British Columbia limited companies (including unlimited liability companies) must have at least one director, and a public company must have at least three directors. British Columbia has no director residency requirements.
Any person, including a corporation, who meets certain criteria may incorporate a BC company.
A BC company must hold its first annual general meeting not more than 18 months after the date on which it was recognized. Subsequent annual general meetings must be held at least once in each calendar year and not more than 15 months after the annual reference date for the preceding calendar year.
Within two months after each anniversary of the date on which the company was recognized, every company must file with the registrar an annual report containing information that is current to the most recent anniversary.
A British Columbia partnership is an unincorporated form of business association:
“Partnership is a relation which subsists between persons carrying on business in common with a view of profit”
Unlike corporations, with certain exceptions the general view is that a partnership is not a legal person or an entity with an existence that is separate and distinct from that of its partners.
No formal written agreements are necessary (although, depending on the purpose of the partners, one is advisable).
Partnerships are not required to file annual returns, hold annual meetings, elect directors or observe any mandated governance procedures.
Limited partnerships are primarily employed for raising capital, particularly where significant potential liabilities surround a new business enterprise, and for their tax benefits. They are often used in real estate investment projects, in the film industry, in venture firms, in restaurants and in other businesses focusing on a single or limited term project.
Limited partnerships provide a number of benefits to their members, including:
A typical modern limited partnership will have one general partner, which has been incorporated for the sole purpose of acting as general partner and which has no assets other than its interest in the limited partnership and assets which it holds as nominee for the limited partnership, and one or more limited partners.
A limited liability partnership or LLP is a modified form of partnership. The formation of a limited liability partnership begins with either an existing general or limited partnership or a new partnership that is created for the purpose of establishing the LLP. As with all partnerships, there must be:
(1) a business that is
(2) carried on in common by two or more persons with
(3) the object of profit.
In addition, a written partnership agreement should be in effect. In BC, a partner of an LLP can be an individual, a company, another corporate entity or a limited partnership. Once a partnership is in place, the partners of the partnership would then apply for registration as a limited liability partnership.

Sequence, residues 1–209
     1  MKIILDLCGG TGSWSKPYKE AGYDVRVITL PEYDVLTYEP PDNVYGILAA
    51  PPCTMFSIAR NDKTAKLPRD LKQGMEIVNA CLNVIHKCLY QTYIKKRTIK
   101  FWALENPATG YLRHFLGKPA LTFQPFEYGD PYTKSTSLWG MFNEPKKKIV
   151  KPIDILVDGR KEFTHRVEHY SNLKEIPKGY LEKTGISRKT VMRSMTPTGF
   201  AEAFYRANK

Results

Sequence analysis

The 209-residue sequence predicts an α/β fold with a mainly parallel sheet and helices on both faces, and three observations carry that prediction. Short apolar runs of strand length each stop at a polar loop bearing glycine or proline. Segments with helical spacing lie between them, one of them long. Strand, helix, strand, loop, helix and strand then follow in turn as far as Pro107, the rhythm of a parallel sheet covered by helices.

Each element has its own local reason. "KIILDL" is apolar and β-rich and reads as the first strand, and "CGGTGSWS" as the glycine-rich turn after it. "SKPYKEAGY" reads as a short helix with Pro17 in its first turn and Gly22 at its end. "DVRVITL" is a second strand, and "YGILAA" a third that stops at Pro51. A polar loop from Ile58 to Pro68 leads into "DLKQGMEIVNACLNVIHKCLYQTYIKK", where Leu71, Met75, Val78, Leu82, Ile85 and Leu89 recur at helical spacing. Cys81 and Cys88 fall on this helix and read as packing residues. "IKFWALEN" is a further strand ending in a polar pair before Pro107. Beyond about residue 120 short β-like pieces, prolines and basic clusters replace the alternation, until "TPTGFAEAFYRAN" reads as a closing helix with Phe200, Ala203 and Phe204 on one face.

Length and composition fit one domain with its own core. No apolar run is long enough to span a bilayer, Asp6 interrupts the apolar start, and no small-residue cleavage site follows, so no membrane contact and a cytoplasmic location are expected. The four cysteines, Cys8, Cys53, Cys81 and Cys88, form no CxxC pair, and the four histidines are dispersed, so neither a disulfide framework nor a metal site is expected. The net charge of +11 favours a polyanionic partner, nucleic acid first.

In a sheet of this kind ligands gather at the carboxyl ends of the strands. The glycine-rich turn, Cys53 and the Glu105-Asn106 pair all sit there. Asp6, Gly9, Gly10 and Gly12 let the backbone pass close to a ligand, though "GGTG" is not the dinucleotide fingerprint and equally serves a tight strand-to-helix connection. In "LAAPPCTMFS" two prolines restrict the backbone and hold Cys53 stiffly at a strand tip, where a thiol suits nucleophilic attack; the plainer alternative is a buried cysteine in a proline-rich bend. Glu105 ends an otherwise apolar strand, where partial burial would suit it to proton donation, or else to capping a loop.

Unless otherwise provided for in a partnership agreement, each partner has the full right and equal entitlement to participate in the management of the partnership.
The duties and obligations that partners owe to each other in a partnership are established under common law, the provisions of the legislation and the provisions of any partnership agreement.
There are three exceptions to the limited liability available to partners of a LLP. They are:
How much does corporate and accounting compliance cost for each type of corporate vehicle used to invest in real estate?
Depends on jurisdiction of registration. Costs for BC only shown below (government filing fees only):
British Columbia Corporation or Unlimited Liability Corporation - CA$45 annual report
British Columbia General Partnership - n/a
British Columbia Limited Partnership - n/a
British Columbia Limited Liability Partnership - CA$45 annual report
How is each type of corporate vehicle used to invest in real estate taxed?
Please refer to the taxes topic on the topic overview page for Canada.
Foreigners are prohibited from directly purchasing real estate that is not for self-use.
Foreign investors may acquire real estate in the PRC if it is for their own use and the investor has had a presence in the PRC (or in the case of an individual, has worked or studied in the PRC) for at least one year.
For real estate acquisitions that are not for self-use, foreign investors must establish a Foreign Invested Enterprise (FIE), specifically set up for the proposed investment project.
Investors wishing to invest in real estate in Croatia can structure their acquisition through a direct acquisition of the real estate or an indirect acquisition via a Croatian corporation.
Since 1 February 2009, EU residents have been allowed to acquire real estate in Croatia, other than agricultural land and designated environmentally sensitive areas, without having to obtain prior approval from the Ministry of Justice. The direct acquisition of real estate assets by non-EU residents is subject to reciprocity (ie it is permitted provided Croatian citizens are allowed to acquire real estate in the investor's home country) and requires written consent from the Ministry of Justice. Agricultural land and forests cannot normally be acquired by foreigners, unless an international agreement provides otherwise.
There are several possible routes for real estate investment in the Czech Republic, including direct acquisition of real estate (an asset deal), an indirect acquisition via a corporation (share deal), an acquisition via a partnership, and a purchase of an enterprise or its branch office. No specific conditions for organizations or companies apply to investment in real estate.
The previous temporary restrictions which were a derogation from the applicable European Union rules regarding the free movement of capital have now expired and do not apply.
It should also be noted that a Czech corporate entity based in the Czech Republic which is established and controlled by a non-Czech entity is not subject to restrictions when acquiring real estate in the Czech Republic. The acquisition of real estate, including agricultural land, through the establishment of such a company is common practice among non-EU investors.